Mathios Rigas: The recent deal we signed with DEPA, supporting the EastMed pipeline, is the best answer to your question. EastMed is a very important pipeline for Greece and the region. Israel has vast natural resources. We alone have discovered an additional 25 bcm in the Karish North field. If we dig more wells, we will find more gas in the blocks we have in Israel.

Today, the Israeli market is very well covered by the 3 assets that are either in production or in development – Tamar, Leviathan and Karish. The EastMed has a need to bring this gas into Europe and the best route to achieve that is through the EastMed gas pipeline. Energean is at the heart of developments. It is the first company to sign an LOI to utilize this pipeline because pipelines like the EastMed need support from the governments. They also need to be commercial. But it is not enough to have the government’s support in infrastructure projects. The support from the market is also needed. Hence, we signed a 2 BCM LOI with DEPA which corresponds to 20% of the original design in this pipeline, demonstrating that there is commercial viability and reality behind a very important pipeline for the region.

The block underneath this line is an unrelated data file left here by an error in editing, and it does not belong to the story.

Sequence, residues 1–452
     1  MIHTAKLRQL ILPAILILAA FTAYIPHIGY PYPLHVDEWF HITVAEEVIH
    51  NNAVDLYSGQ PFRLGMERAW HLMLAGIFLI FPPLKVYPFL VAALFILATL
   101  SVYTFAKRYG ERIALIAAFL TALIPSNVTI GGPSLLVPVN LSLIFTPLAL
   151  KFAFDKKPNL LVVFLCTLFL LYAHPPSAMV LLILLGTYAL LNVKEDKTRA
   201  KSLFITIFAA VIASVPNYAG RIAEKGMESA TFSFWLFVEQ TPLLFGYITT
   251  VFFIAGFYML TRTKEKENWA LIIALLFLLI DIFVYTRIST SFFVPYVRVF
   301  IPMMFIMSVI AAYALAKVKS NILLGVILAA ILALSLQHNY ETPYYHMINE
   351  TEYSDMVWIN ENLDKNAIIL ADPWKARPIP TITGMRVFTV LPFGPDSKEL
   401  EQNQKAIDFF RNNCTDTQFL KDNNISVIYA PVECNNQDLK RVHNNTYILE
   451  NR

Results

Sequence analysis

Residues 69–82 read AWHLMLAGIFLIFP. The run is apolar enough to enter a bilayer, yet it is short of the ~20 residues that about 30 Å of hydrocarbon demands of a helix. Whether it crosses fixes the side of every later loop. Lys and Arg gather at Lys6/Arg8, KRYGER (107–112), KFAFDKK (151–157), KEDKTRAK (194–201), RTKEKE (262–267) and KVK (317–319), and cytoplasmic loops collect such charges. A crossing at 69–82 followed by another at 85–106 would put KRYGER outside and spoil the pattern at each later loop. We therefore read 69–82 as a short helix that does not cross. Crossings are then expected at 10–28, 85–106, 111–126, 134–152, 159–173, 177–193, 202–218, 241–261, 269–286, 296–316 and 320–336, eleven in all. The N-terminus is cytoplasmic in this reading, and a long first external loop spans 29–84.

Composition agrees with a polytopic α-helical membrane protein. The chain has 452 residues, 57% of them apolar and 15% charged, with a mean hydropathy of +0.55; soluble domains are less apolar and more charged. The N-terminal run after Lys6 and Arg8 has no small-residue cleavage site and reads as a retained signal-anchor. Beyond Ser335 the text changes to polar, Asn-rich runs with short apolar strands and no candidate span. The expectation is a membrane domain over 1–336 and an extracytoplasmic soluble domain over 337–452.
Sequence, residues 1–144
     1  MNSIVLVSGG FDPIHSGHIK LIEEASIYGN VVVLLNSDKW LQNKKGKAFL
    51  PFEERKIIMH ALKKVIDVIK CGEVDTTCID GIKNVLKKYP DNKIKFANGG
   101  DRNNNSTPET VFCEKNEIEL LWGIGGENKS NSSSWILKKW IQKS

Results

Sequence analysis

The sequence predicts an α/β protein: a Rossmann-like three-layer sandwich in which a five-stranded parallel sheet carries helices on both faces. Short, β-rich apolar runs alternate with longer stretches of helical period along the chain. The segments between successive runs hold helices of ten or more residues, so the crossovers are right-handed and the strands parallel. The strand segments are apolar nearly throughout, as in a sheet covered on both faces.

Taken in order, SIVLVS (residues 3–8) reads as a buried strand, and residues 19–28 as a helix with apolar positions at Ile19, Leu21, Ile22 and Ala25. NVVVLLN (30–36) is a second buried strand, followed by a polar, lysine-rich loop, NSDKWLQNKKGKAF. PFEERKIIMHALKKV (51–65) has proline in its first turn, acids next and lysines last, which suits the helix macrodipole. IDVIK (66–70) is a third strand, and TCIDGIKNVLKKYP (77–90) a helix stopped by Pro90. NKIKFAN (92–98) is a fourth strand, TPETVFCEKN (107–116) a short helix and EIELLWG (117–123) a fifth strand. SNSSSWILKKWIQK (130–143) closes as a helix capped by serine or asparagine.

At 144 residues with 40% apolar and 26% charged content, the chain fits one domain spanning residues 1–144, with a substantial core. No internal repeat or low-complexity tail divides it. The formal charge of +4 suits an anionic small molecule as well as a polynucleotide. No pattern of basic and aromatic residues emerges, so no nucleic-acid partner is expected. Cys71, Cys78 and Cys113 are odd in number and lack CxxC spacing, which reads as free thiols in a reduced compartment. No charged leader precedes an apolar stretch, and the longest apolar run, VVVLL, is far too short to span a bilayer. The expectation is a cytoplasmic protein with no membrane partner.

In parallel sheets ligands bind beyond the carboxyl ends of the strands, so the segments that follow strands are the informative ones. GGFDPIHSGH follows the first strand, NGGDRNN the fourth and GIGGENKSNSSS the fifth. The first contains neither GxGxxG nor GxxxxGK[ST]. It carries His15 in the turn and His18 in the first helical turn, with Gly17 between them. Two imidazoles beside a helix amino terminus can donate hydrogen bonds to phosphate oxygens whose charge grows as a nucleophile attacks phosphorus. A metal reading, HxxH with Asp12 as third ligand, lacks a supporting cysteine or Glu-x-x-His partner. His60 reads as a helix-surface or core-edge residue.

Beyond that, we have proposed to send gas from Israel to Cyprus, to give them the ability to move away from diesel fired power generation to gas in a very efficient and quick way.

The third part of our business looks at export options to Egypt or other countries in the region from our Israeli projects. Greece can become a transfer hub but if you really want it to become an energy hub in the region, you need your own production. Otherwise you just become a transfer hub without playing a major role.

Egypt and Israel are classic examples. Egypt is producing gas and also needs gas to export. It has LNG terminals that are underutilized at the moment. Hence, Egypt is becoming a central part of the energy scene in the region. Israel is the same. If Greece wants to follow this path, having pipelines or other terminals in their countries are not enough. You need to have your own production to be in control of the situation.


Prisma Reports: As an ambassador attesting to the potential of you can achieve in Greece and outside, how would you present the country to investors”